Let Us Live Up to What We Have Already Attained
“Only let us live up to what we have already attained.” - Philippians 3:14
We’re nearing the end of Paul’s letter to the Philippians, with just 4-5 more sections to read, today includes one of my very favorite verses in all of the bible… but before we get there…
Paul puts a bit of a summary to the his long statement about how he doesn’t put any confidence or pride into his accomplishments, in verse 15, when he says “All of us, then, who are mature should take such a view of things.” It’s not that Paul is special for not reveling in his achievements or his honors, he doesn’t think anyone should. We should be united in our humility and in leaning on Jesus, not ourselves.
He continues with “if [you] think differently, that too God will make clear to you.” Which is one way of leaving the door open for people who disagree with us. I would imagine that Paul also accepted the idea that he might have some things wrong (he had spent a long time persecuting followers of Jesus, for example), and was convinced that God changed hearts and minds, and could change others as well as his, if they weren’t right.
Then we get one of the most powerful statements in all of Paul’s writings, “Only let us live up to what we have already attained.” Here, we are reminded that our right-standing with God has already been accomplished. Our work does not earn God’s love, God’s favor, or any merit. But our work does have an impact on our hearts, minds and community - the people around us. And so we have been called to live in such a way that resonates with who we are - a loved and forgiven people. Our actions are the response to God’s action, not the motivation for God to act.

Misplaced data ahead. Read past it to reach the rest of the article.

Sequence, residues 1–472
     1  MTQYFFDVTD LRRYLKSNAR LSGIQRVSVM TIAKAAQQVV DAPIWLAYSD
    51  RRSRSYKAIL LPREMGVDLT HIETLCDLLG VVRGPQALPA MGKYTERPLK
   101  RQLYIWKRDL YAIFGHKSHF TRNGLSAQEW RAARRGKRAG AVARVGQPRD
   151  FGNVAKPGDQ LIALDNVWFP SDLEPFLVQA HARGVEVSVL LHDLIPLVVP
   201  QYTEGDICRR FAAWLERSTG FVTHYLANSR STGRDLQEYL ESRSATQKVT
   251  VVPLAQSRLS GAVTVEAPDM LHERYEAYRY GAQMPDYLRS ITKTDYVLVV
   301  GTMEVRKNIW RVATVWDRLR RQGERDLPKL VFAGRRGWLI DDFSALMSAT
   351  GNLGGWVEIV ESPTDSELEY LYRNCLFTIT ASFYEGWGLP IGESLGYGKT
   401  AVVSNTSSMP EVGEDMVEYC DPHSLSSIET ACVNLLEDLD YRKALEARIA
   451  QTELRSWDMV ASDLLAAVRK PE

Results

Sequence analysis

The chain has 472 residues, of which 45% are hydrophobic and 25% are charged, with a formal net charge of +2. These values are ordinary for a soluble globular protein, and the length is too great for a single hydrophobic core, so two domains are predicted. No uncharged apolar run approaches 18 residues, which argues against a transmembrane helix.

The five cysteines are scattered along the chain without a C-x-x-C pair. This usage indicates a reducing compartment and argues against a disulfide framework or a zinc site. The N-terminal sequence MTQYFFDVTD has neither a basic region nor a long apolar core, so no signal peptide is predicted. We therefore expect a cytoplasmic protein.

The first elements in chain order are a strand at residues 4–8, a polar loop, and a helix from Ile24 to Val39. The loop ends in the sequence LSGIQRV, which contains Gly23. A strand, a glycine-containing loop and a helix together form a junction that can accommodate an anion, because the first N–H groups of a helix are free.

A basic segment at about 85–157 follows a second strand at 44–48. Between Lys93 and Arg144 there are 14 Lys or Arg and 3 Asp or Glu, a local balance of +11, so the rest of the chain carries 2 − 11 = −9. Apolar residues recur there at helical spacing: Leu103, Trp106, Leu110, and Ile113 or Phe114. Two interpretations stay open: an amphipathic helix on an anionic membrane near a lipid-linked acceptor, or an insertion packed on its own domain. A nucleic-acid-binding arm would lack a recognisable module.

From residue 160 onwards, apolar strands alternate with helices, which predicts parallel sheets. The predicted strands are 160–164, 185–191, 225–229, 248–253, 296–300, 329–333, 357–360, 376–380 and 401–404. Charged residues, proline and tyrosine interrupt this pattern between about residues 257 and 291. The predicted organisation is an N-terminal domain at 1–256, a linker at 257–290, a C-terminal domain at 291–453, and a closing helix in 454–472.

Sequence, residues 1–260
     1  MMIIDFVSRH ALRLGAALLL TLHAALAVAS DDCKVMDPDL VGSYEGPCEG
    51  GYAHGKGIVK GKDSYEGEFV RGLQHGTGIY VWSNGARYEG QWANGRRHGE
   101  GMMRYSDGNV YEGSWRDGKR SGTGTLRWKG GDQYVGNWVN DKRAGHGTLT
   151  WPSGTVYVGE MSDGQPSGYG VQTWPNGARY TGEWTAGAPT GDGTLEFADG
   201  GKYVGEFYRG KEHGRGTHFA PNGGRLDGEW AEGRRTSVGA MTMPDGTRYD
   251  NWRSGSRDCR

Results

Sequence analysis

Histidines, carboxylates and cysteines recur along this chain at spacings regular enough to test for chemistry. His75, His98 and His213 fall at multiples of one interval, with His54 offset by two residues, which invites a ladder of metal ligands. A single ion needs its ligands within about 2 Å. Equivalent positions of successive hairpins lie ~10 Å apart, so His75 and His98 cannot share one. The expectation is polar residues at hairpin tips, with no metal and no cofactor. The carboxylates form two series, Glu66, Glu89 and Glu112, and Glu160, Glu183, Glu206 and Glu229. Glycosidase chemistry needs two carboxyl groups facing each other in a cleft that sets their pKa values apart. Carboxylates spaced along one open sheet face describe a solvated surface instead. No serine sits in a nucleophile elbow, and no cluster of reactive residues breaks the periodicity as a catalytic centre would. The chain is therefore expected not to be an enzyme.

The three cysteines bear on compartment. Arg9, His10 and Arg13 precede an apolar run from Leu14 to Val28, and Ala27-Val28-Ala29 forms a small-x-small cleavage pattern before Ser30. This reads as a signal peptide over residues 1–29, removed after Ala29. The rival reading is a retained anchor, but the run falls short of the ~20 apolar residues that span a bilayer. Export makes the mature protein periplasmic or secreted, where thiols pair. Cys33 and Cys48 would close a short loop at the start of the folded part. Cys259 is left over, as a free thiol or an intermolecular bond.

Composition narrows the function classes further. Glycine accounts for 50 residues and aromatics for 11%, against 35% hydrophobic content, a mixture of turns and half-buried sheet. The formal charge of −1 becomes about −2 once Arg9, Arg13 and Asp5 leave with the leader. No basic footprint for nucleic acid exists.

Next, Paul puts himself out there, inviting others to follow his example, “keep your eyes on those who live as we do,” because who we’re looking at and listening to will have an impact on how we live. If we pay attention to those who are trying to follow Christ, we’ll be more likely to do the same. Paul’s not a perfect example of how to do that (the only perfect example is Jesus himself), but Paul’s a humble example, and that means more than just about anything else.
He explains that there are those who live “as enemies of the cross of Christ” - and while Paul does not name them, or judge them, he does explain that the direction they are pointing their lives in, when in opposition to God’s surprising love, is destruction. He doesn’t want the Philippians to follow that path. So he warns them to follow his lead, and those like him instead, who are trying to follow Jesus.
“our citizenship is in heaven. And we eagerly await a Savior from there, the Lord Jesus Christ, who, by the power that enables him to bring everything under his control, will transform our lowly bodies so that they will be like his glorious body.” (Philippians 3:20-21)
This conclusion to chapter 3, refocuses our attention once again, not on Paul and not on those who oppose the cross of Christ, not on ourselves and not on our work, but on God. Because everything - ourselves, our work, our mentors, leaders, colleagues, community and even enemies, are all, ultimately, underneath the authority and control of Jesus.
What a comfort!
May you know the God of all comfort, the crucified, risen and reigning Jesus and the empowering and ever-present Holy Spirit today and throughout this season!
Welcoming You to Grow in Jesus,